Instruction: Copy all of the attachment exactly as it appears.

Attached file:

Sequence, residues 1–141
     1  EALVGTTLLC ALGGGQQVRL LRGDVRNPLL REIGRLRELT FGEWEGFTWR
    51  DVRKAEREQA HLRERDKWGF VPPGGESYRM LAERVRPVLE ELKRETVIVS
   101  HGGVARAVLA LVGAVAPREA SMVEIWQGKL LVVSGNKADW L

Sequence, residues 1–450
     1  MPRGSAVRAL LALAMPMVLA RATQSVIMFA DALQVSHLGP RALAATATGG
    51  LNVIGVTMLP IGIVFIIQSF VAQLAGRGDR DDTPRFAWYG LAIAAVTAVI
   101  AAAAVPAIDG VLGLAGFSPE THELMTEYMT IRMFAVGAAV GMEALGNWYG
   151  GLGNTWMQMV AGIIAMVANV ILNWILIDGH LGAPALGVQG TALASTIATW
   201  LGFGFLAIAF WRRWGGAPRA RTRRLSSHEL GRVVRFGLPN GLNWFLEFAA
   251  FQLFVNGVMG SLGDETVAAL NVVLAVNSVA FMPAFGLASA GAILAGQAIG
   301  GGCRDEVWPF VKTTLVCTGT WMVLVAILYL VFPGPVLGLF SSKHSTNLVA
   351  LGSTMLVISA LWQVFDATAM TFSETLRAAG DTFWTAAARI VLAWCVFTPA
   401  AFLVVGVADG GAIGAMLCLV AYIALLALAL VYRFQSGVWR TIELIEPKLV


Sequence, residues 1–141
     1  EALVGTTLLC ALGGGQQVRL LRGDVRNPLL REIGRLRELT FGEWEGFTWR
    51  DVRKAEREQA HLRERDKWGF VPPGGESYRM LAERVRPVLE ELKRETVIVS
   101  HGGVARAVLA LVGAVAPREA SMVEIWQGKL LVVSGNKADW L

Sequence, residues 1–450
     1  MPRGSAVRAL LALAMPMVLA RATQSVIMFA DALQVSHLGP RALAATATGG
    51  LNVIGVTMLP IGIVFIIQSF VAQLAGRGDR DDTPRFAWYG LAIAAVTAVI
   101  AAAAVPAIDG VLGLAGFSPE THELMTEYMT IRMFAVGAAV GMEALGNWYG
   151  GLGNTWMQMV AGIIAMVANV ILNWILIDGH LGAPALGVQG TALASTIATW
   201  LGFGFLAIAF WRRWGGAPRA RTRRLSSHEL GRVVRFGLPN GLNWFLEFAA
   251  FQLFVNGVMG SLGDETVAAL NVVLAVNSVA FMPAFGLASA GAILAGQAIG
   301  GGCRDEVWPF VKTTLVCTGT WMVLVAILYL VFPGPVLGLF SSKHSTNLVA
   351  LGSTMLVISA LWQVFDATAM TFSETLRAAG DTFWTAAARI VLAWCVFTPA
   401  AFLVVGVADG GAIGAMLCLV AYIALLALAL VYRFQSGVWR TIELIEPKLV